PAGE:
C++ is a giant programming language with a rich history tracing back to the 1970s. It has evolved substantially over the decades, which means that it is full of complexities (large and small), and often offers more than one way to solve the same problem. Techniques and approaches have become popular and then fallen out of favor, with newer ones replacing them as the C++ community gains experience and discovers even better ways to organize their programs. Because of the size and complexity of C++, it will not be my goal to teach the language in its entirety — something I wouldn't be able to do in a full academic year, much less the one quarter that we have. Instead, our goal is to learn about what I think are the most important ideas that set programming in C++ apart from work you may have done in other languages, and the language features that let you gain experience with them, with an eye toward the things that make C++ useful for real-world programming and that are likeliest to expose you to new horizons that you may not have seen in the languages you've worked with in the past.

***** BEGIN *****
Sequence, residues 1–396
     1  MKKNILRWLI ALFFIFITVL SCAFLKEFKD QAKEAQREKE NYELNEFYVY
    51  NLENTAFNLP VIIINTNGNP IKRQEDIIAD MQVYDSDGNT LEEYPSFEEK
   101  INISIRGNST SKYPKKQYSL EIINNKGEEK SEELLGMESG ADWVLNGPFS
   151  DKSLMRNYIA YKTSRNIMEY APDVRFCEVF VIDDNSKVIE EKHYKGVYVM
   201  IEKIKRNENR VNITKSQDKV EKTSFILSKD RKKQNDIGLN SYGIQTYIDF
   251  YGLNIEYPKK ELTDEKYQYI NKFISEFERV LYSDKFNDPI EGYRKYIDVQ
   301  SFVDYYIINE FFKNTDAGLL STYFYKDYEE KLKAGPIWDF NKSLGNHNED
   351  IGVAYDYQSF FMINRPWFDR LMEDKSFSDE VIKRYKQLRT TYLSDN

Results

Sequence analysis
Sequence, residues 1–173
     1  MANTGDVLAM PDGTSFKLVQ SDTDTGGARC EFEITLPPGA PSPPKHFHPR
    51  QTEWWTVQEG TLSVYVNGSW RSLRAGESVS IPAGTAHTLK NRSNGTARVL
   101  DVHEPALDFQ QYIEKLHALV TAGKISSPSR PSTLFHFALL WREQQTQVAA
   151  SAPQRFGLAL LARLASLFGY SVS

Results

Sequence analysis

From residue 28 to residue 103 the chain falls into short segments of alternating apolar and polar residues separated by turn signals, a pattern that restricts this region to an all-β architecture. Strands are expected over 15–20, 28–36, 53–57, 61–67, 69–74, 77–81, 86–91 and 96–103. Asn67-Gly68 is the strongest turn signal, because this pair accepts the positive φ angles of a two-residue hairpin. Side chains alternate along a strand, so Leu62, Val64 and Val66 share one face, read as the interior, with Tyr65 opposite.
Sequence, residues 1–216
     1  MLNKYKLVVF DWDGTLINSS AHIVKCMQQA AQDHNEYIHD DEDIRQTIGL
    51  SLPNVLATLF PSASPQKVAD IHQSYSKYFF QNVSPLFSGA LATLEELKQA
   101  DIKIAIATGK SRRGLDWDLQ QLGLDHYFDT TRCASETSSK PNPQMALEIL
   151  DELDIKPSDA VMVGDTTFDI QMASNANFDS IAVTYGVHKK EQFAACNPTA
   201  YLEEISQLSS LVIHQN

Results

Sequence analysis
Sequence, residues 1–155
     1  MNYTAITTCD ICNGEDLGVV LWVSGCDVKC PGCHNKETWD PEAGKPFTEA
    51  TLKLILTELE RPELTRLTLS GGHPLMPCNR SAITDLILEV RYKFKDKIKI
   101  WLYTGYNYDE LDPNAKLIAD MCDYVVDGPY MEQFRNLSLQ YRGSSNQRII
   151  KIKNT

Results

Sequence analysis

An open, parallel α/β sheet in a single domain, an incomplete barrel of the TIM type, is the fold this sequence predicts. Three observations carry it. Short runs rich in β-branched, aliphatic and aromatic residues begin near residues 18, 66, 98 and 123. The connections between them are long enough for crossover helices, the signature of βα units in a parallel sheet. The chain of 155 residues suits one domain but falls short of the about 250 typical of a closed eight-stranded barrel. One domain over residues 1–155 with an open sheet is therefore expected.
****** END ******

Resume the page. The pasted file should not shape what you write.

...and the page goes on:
It's entirely possible that you'll only have ever learned one language in the past, which makes this course doubly important: This may well be your first experience learning a programming language when you already know one, which is a surprisingly important thing to be able to do, and something I still find myself both needing and wanting to do periodically, no matter how much experience I have.


Learning a second programming language